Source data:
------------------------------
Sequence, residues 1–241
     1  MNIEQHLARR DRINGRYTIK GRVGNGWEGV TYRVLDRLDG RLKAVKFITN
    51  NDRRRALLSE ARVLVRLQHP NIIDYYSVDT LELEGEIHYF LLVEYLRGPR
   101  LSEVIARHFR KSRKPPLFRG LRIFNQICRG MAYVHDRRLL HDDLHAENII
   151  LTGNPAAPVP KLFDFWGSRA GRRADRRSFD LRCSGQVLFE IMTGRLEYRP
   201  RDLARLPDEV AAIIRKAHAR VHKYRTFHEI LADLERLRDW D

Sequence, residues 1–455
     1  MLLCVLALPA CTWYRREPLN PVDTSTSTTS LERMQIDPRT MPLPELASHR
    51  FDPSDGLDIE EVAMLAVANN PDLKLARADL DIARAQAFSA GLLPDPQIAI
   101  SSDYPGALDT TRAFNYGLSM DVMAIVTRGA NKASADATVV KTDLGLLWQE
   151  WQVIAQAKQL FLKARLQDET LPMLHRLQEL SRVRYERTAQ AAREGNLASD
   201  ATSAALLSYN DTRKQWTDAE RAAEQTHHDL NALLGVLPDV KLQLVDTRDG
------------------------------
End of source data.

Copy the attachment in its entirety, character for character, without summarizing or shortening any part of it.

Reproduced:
Sequence, residues 1–241
     1  MNIEQHLARR DRINGRYTIK GRVGNGWEGV TYRVLDRLDG RLKAVKFITN
    51  NDRRRALLSE ARVLVRLQHP NIIDYYSVDT LELEGEIHYF LLVEYLRGPR
   101  LSEVIARHFR KSRKPPLFRG LRIFNQICRG MAYVHDRRLL HDDLHAENII
   151  LTGNPAAPVP KLFDFWGSRA GRRADRRSFD LRCSGQVLFE IMTGRLEYRP
   201  RDLARLPDEV AAIIRKAHAR VHKYRTFHEI LADLERLRDW D

Sequence, residues 1–455
     1  MLLCVLALPA CTWYRREPLN PVDTSTSTTS LERMQIDPRT MPLPELASHR
    51  FDPSDGLDIE EVAMLAVANN PDLKLARADL DIARAQAFSA GLLPDPQIAI
   101  SSDYPGALDT TRAFNYGLSM DVMAIVTRGA NKASADATVV KTDLGLLWQE
   151  WQVIAQAKQL FLKARLQDET LPMLHRLQEL SRVRYERTAQ AAREGNLASD
   201  ATSAALLSYN DTRKQWTDAE RAAEQTHHDL NALLGVLPDV KLQLVDTRDG